An anti-cancer drug that is successful at eliminating rapidly producing cells directly targets the location of the tumor and is also non-toxic until it reaches the diseased area would be the ideal. For many, Platinum-II (PtII) based chemotherapy drugs have proven life-changing, with the most commonplace drug, Cisplatin, offering treatment and cures for cancerous diseases in the breast, bladder, lung, cervix, ovaries, and neck and head, to name just some.
In the active drug form, PtII binds to DNA which disrupts cellular replication, destroying them quickly proliferating cancerous cells. However, PtII also kills healthy cells, resulting in serious side effects, particularly in those who already have kidney problems.
Non-active (prodrug) PtIV equivalents display very little to no toxicity to normal cells, and are able to be converted to the active PtII drugs through catalysis; fully comprehending these biological mechanisms and employing directed light-based therapies may offer new treatment methods for curing cancer.
To achieve this, researchers must first ascertain the catalytic processes and intermediary states present in the Pt reduction process; the FLS1000 Luminescence Spectrometer and the Edinburgh Instruments LP980 Transient Absorption Spectrometer are ideally matched to improve and measure new therapeutics (Figure 1).
Figure 1. (Top) The Edinburgh Instruments LP980 Transient Absorption Spectrometer and (Bottom) the FLS1000 Photoluminescence Spectrometer.
A group of scientists from Italy and Spain, led by Prof. Luca Salassa of the Donostia International Physics Center (San Sebastián, Spain), in partnership with Dr. Virginia Martínez-Martínez from University of the Basque Country (Bilbao, Spain), utilized Edinburgh Instruments time-resolved luminescence and transient absorption spectrometers to investigate the photocatalytic mechanisms of flavins (FLs) converting PtIV prodrug complexes to active PtII drug substrates in a biological environment.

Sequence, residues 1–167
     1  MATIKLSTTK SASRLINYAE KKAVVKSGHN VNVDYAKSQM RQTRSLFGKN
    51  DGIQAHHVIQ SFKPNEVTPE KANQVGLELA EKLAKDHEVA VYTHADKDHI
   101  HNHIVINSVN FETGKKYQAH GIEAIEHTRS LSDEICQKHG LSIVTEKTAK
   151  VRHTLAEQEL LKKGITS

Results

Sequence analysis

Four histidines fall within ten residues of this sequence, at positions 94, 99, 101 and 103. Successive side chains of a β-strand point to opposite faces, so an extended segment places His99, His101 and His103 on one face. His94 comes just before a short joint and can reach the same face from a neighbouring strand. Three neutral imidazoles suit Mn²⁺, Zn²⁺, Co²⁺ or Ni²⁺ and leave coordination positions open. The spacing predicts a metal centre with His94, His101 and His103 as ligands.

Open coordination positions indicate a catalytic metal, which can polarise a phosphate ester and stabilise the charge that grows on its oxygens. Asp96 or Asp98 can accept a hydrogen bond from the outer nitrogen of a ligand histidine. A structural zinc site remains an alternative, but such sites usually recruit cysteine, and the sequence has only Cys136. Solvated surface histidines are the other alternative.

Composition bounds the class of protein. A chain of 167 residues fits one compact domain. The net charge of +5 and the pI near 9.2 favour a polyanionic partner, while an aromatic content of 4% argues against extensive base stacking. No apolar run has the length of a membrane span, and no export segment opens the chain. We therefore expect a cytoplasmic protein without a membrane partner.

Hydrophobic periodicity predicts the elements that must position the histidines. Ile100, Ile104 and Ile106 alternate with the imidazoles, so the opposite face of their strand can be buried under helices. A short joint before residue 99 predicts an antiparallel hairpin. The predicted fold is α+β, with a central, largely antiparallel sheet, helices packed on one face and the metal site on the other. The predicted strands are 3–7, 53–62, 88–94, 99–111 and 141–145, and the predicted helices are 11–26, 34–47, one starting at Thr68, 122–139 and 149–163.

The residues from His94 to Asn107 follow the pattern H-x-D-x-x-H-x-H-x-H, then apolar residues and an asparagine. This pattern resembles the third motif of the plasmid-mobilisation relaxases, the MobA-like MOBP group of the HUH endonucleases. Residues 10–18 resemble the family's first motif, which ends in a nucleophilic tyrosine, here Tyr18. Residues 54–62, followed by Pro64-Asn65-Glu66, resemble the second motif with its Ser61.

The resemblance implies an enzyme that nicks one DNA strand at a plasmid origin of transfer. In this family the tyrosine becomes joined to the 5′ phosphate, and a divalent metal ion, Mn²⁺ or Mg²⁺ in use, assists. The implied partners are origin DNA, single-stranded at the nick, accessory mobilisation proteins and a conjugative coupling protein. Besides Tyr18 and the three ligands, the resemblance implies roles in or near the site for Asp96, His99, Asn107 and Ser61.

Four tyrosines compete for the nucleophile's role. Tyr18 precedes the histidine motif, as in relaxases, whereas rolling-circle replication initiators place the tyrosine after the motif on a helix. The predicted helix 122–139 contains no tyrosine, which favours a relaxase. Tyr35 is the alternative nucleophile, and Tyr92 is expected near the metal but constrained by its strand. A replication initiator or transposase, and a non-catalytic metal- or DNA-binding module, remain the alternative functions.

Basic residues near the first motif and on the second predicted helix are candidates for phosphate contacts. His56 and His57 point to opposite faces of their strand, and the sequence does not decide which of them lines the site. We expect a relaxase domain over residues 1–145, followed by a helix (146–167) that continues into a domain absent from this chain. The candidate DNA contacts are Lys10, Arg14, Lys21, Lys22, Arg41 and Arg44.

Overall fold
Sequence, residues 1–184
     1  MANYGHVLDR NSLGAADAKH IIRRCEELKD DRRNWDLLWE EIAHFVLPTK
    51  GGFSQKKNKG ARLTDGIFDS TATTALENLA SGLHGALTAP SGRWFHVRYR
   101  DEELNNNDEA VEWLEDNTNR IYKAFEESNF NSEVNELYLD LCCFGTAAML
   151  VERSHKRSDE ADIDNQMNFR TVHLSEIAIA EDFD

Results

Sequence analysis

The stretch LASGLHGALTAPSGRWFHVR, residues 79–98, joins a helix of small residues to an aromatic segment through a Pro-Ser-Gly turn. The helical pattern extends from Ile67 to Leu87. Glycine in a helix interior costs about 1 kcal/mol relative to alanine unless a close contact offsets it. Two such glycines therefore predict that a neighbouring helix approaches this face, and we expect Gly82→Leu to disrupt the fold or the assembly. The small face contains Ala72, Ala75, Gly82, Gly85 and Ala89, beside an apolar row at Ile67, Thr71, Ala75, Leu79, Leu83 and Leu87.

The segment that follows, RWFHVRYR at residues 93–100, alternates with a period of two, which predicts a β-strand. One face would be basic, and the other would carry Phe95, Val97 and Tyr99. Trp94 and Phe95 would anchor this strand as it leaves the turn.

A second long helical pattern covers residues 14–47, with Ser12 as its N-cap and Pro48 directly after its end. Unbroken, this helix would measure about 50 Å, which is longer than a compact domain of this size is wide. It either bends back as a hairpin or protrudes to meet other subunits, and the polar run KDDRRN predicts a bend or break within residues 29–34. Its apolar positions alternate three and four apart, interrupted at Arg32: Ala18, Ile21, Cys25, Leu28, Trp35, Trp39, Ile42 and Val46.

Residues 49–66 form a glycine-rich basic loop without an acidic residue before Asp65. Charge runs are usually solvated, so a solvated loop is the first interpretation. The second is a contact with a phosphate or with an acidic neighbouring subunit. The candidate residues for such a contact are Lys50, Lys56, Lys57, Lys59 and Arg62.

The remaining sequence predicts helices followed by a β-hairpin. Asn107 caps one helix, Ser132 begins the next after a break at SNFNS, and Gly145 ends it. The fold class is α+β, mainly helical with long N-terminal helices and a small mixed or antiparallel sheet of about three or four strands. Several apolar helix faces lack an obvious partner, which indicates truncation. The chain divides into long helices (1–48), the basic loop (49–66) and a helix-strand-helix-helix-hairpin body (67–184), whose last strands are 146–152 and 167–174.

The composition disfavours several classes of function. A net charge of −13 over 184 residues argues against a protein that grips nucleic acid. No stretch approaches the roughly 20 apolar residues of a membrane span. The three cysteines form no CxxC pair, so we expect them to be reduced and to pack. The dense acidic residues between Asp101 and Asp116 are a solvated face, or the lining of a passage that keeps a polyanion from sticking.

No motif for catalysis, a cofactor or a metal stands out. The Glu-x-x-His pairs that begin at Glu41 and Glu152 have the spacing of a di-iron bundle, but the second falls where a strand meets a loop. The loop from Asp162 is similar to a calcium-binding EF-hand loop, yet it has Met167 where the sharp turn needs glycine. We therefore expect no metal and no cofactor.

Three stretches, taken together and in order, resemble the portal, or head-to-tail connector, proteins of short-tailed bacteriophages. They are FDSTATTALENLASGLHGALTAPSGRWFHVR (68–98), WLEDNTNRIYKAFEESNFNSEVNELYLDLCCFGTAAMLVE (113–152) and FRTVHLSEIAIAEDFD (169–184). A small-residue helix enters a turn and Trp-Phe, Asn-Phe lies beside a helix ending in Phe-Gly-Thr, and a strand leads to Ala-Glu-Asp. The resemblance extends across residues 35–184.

Although metal complexes are not generally known as being substrates in catalytic reactions, the researchers were able to show how flavins are successful redox photocatalysts for these PtIV prodrug substrates, and demonstrate that the flavin’s photogenerated triplet state drives this catalytic process.
Figure 2. (Left) The photocatalytic mechanism of PtIV-to-PtII reduction mediated by a photoexcited flavin (FL) in the triplet state having extracted two electrons from NADH, and (Right) structures of one of the flavins, flavin mononucleotide (FMN), and one of the PtIV prodrugs (1) used in this study.
Figure 2 shows the photocatalytic cycle of flavins reducing PtIV prodrug substrates to active PtII drug substrates. Photoexcitation into the flavin absorption band produces an excited singlet state that quickly undergoes intersystem crossing to an excited triplet state, 3FL*. Because of the huge oxidizing potential of 3FL*, it can extract two electrons from biological donors such as NADH, to produce the active catalytic species HFL– (or H2FL depending on the PH of the solution). HFL– can reduce the PtIV prodrug substrates to active PtII drug substrates and then repeat the cycle.